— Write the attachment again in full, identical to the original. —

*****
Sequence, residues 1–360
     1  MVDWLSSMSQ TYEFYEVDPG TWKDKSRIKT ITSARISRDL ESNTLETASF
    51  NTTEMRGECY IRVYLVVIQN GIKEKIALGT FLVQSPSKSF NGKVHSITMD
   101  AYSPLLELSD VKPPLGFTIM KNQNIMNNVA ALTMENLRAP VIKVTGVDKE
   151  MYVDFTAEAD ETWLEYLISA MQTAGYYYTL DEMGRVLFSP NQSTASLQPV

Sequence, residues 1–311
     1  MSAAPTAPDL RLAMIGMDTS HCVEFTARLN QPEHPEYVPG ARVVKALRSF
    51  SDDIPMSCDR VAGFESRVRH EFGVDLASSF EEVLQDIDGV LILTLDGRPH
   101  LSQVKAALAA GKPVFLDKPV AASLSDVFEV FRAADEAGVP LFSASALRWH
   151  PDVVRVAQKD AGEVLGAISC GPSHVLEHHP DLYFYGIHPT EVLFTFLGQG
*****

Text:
Sequence, residues 1–360
     1  MVDWLSSMSQ TYEFYEVDPG TWKDKSRIKT ITSARISRDL ESNTLETASF
    51  NTTEMRGECY IRVYLVVIQN GIKEKIALGT FLVQSPSKSF NGKVHSITMD
   101  AYSPLLELSD VKPPLGFTIM KNQNIMNNVA ALTMENLRAP VIKVTGVDKE
   151  MYVDFTAEAD ETWLEYLISA MQTAGYYYTL DEMGRVLFSP NQSTASLQPV

Sequence, residues 1–311
     1  MSAAPTAPDL RLAMIGMDTS HCVEFTARLN QPEHPEYVPG ARVVKALRSF
    51  SDDIPMSCDR VAGFESRVRH EFGVDLASSF EEVLQDIDGV LILTLDGRPH
   101  LSQVKAALAA GKPVFLDKPV AASLSDVFEV FRAADEAGVP LFSASALRWH
   151  PDVVRVAQKD AGEVLGAISC GPSHVLEHHP DLYFYGIHPT EVLFTFLGQG